“The changes could have quite an impact on business,” Felma Magnata, associate vice-president of operations of SPi Global, told OBG. “We hope the government will give them a second look, or strengthen their policies to further ease doing business here and encourage investors to enter the market.” A resolution on TRAIN 2 is expected in the second half of 2018.

Sector Players

Beginning with Frank Holz establishing the first contact centre in the Philippines under the Accenture Group in 1992, today the industry is home to hundred of outfits – although Accenture remains one of the industry’s top firms, with Global Delivery Network centres in Manila and Cebu.

Other major sector players include Convergys Philippines Service Corporation, JP Morgan Chase Bank NA Philippine Global Service Centre, Sutherland Global Services, Genpact, Teleperformance, 24/7 Customer Philippines and Telephilippines. IBM, HSBC, SPi Global, Sykes, Aegis, TeleTech, ACS of the Philippines, AIG Shared Services Corporation and Hinduja Global Services are other top names. Convergys leads in terms of employee numbers, with the American Chamber of Commerce of the Philippines stating that the US company became the Philippines’ largest employer in 2017, with 57,000 full-time workers on its domestic payroll.

In terms of markets served, sector companies usually aim for a mix of Anglophone clients. Given the range of different time zones this entails, work is usually spread among a day shift serving Australian and New Zealand customers, a middle shift from mid-afternoon until 12am for the UK and Ireland, and then a night shift for According to an April 2018 report by Magellan Solutions, clients from the US account for 64.7% of all customers served by the Philippines’ BPO market. US companies invested some $1.4bn in the local BPO sector in 2015, up from $986m a year earlier, with this figure likely to have remained high since.

The European market has risen in significance in recent times, with non-UK companies taking an increasing interest in the Philippines as they move more back-office processes offshore. Europe is currently responsible for around 10% of local BPO business.

Australia, meanwhile, has also been a growing source of clients, not least because Western Australia and the Philippines share the same time zone. Australian giant Acquire BPO bought into the Philippines market in 2014 with the purchase of SHORE Solutions, while TSA Group, another of the largest BPO companies in Australia, opened a second site in the country in 2016. Other Asia-Pacific markets now include Japan, with companies such as Toshiba, Fujitsu and Epson offshoring to the Philippines, along with around 70 additional firms.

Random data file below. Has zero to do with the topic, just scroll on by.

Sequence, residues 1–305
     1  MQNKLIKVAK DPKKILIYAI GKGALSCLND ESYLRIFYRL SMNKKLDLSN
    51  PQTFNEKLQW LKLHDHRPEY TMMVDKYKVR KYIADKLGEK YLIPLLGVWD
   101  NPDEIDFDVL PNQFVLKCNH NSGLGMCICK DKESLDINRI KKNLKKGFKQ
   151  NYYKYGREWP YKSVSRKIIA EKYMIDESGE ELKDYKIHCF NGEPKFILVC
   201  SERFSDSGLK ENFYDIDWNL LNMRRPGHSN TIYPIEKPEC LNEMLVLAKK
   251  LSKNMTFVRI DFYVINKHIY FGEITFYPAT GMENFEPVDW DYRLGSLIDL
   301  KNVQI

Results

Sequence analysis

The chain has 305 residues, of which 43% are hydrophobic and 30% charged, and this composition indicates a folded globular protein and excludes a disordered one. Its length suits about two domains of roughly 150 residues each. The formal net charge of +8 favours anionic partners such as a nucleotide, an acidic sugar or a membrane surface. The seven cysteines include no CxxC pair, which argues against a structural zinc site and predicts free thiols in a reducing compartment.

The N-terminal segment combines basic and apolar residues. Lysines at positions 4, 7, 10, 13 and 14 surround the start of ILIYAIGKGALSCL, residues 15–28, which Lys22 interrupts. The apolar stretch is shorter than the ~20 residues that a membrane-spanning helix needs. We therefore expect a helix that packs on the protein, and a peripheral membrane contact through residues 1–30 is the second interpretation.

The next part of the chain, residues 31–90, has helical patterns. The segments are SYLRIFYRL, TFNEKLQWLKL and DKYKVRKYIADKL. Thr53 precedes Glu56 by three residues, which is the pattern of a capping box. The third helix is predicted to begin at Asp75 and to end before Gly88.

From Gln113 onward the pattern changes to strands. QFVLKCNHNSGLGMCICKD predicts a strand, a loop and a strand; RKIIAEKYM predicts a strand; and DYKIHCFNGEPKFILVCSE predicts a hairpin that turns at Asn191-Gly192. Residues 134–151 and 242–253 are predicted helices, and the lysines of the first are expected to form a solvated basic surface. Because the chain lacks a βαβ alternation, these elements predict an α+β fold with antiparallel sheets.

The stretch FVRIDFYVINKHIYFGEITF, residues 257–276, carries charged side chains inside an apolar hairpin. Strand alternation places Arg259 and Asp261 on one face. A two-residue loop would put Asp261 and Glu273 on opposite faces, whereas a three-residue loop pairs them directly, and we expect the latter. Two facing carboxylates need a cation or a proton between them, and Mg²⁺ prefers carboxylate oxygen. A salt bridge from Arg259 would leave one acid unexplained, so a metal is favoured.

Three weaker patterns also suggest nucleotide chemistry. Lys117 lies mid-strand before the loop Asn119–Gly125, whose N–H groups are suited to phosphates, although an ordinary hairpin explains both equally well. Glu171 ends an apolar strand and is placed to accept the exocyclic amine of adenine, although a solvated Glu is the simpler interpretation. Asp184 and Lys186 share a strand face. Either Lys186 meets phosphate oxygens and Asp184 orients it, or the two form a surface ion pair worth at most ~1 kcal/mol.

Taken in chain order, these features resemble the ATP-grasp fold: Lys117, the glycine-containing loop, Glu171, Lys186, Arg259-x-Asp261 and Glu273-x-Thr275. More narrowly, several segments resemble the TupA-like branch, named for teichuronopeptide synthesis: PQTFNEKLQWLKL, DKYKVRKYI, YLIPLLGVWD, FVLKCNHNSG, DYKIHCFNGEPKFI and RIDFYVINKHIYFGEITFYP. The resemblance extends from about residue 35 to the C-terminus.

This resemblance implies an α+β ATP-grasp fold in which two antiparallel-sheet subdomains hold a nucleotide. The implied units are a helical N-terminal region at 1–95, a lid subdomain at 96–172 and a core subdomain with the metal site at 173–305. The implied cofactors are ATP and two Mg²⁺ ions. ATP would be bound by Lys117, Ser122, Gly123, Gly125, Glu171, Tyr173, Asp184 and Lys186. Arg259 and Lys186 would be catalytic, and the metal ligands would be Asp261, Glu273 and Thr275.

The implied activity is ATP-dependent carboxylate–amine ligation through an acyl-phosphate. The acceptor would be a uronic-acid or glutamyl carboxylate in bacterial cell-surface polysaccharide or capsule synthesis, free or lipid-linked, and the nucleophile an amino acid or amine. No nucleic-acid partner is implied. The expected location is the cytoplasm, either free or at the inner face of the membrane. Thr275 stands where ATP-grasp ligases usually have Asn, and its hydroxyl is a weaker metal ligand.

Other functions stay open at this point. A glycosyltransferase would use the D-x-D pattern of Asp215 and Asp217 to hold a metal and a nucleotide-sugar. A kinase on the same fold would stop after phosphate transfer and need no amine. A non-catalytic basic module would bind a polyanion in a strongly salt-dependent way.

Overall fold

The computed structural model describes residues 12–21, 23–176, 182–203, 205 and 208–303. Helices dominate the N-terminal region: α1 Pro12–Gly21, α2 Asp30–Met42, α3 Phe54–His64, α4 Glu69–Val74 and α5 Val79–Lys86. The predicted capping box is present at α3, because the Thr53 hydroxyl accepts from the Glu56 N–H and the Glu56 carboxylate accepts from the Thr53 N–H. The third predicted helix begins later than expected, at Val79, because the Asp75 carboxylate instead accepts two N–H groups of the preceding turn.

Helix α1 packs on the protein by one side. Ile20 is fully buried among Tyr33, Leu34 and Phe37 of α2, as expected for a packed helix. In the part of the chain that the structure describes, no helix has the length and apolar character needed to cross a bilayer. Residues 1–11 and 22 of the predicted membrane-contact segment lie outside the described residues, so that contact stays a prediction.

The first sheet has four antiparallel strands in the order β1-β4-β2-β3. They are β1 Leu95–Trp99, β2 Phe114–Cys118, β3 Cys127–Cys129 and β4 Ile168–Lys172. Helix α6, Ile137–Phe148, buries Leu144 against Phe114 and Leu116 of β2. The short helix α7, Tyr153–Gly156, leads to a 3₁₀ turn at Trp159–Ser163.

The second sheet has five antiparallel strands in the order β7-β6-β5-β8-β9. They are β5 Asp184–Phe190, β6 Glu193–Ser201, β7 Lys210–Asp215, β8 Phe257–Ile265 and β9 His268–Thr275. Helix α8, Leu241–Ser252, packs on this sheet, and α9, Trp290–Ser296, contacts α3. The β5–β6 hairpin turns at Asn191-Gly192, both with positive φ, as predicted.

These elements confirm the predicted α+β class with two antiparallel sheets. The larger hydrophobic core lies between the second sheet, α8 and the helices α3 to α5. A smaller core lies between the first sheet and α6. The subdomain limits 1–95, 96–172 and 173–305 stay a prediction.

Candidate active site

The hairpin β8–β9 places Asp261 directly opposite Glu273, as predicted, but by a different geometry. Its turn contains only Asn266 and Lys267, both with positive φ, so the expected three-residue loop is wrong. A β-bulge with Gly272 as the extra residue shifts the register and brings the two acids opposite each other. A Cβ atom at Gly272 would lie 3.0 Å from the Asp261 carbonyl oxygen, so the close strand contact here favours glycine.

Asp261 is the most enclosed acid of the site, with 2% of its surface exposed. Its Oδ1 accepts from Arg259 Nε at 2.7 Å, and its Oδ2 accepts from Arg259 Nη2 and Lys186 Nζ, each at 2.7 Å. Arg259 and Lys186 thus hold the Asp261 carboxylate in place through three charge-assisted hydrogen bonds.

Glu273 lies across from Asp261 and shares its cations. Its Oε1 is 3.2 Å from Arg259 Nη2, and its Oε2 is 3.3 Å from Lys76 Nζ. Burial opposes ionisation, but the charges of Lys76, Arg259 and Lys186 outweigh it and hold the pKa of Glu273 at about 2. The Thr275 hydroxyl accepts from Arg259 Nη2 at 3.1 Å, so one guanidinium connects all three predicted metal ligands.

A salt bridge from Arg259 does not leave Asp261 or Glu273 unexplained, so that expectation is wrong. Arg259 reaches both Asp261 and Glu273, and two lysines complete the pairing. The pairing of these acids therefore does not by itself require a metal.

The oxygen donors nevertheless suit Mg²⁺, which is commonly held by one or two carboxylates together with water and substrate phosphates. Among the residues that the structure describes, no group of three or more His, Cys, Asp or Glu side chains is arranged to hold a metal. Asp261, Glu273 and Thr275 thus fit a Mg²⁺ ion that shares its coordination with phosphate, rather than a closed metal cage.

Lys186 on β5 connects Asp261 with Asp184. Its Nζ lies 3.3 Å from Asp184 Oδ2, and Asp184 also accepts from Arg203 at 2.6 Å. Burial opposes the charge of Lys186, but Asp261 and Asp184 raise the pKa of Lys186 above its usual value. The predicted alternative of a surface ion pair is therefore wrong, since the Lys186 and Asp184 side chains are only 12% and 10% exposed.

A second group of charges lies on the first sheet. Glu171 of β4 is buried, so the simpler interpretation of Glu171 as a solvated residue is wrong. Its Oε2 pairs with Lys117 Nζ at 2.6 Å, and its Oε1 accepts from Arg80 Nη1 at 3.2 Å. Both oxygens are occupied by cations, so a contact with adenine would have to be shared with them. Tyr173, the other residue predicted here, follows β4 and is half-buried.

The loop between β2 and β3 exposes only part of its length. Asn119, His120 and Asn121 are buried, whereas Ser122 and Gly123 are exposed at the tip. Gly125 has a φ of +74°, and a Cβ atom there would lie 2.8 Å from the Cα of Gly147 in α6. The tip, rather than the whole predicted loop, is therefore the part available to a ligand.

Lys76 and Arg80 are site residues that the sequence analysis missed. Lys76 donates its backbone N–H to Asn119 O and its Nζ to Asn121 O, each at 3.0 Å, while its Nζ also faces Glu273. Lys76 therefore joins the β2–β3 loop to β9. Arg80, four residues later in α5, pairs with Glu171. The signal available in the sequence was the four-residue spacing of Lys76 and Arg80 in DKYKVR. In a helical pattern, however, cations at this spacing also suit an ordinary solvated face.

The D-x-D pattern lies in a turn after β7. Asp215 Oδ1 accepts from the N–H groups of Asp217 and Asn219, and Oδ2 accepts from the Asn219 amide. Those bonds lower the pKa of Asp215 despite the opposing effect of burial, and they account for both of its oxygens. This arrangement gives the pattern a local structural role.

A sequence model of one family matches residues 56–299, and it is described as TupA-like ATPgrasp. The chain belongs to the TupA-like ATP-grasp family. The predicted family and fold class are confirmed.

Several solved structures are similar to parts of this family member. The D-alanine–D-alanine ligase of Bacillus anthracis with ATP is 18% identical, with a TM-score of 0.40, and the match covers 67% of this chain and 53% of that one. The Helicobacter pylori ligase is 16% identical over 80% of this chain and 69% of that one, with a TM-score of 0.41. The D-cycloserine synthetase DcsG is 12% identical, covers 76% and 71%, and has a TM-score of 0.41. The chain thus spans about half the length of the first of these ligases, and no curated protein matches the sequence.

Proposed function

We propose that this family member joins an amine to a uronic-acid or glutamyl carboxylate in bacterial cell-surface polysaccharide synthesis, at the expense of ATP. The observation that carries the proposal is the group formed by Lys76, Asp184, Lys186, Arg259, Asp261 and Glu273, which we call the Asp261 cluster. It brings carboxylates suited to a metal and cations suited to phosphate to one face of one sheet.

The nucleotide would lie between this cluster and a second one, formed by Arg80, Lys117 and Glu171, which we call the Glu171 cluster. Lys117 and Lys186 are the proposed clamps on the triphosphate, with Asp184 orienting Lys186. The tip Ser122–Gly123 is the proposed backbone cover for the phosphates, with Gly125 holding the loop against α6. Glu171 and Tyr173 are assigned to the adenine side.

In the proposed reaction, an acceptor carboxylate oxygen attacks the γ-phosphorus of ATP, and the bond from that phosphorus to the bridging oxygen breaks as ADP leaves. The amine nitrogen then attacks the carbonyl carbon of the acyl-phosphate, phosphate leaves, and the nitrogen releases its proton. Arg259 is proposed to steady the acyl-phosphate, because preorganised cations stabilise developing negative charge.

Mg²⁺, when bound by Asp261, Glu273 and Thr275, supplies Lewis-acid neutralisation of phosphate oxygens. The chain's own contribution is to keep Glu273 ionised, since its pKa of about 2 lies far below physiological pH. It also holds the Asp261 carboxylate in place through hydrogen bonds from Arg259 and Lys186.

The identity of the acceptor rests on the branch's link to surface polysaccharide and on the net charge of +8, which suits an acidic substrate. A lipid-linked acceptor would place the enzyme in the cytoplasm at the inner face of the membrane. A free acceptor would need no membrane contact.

Next Wave

While the BPO industry got its start in Manila, it has since spread to other regional centres. Metro Cebu was one of the first of these, followed by Metro Clark and Bacalod. In 2016 the DOST-ICTO named 10 Next Wave Cities (NWCs) as the upcoming centres for significant industry growth, in collaboration with IBPAP and Leechiu Property Consultants. Indeed, available office space and low rental rates are some of the key factors driving this shift to smaller cities, as BPO companies are one of the Philippines’ top consumers of office property. The 10 NWCs named were Baguio, Cagayan de Oro, Dagupan, Dasmarinas, Dumaguete, Lipa, Malolos, Naga, Santa Rosa and Taytay.

The DICT established an NWC programme that has been conducting ICT roadshows to boost awareness of the up-and-coming cities and what they have to offer companies. The DICT has also been conducting ICT workshops for regional nodes that are still in an early stages of development, along with conducting surveys on rural impact, researching untapped talent pools and working with ICT councils across the country. The councils were established under the auspices of the National ICT Confederation of the Philippines (NICP) to develop the sector in each locale.

In 2017 the NWC initiative was taken a step further with the launch of the digitalcitiesPH programme, supported by the DICT, IBPAP and the NICP. This seeks to help implement IBPAP’s IT-BPM roadmap, while working to place more Filipino cities in the Tholons top-100 cities index. The programme also aims to bring together sector stakeholders to collaborate on securing more opportunity for countryside communities.


Developing NWCs also means strengthening the regional IT infrastructure and training the local talent pool. Fortunately, many cities beyond Metro Manila have established universities – Cagaylan de Oro, for example, has four higher education institutions.

Human resources development is being assisted by government schemes such as the Training for Work Scholarship Programme (TWSP). Operated by the Technical Education and Skills Development Authority, the programme offers a specific IT-BPM training element. A TWSP partnership between the Commission for Higher Education and IBPAP has also led to the creation of the services management programme, a specialist track for BPO professionals.

Despite dedicated training to help ensure success, the sector continues to have a relatively high employee turnover rate. A major factor behind this is the unsociable schedule demanded by call centre work, which infringes on time with family and friends, as well as the sometimes stressful interactions with clients. However, the turnover rate has declined in recent years thanks to the introduction of regular health check-ups, stress and risk management programmes, and higher wages. New career paths are also an incentive for staff to remain in the industry, with the shift to more high-skilled, value-added jobs offering employees a longer-term future.


As the sector matures and spreads to additional cities, growth looks set to continue – although likely at a slower rate than previously witnessed. Over the medium term, the largest challenge the industry faces is the widened use of new technologies, with these likely to remove many lower-skilled jobs. However, while human contact remains a major component of the call centre business, this presents the sector with an opportunity to retrain staff for more critical processes.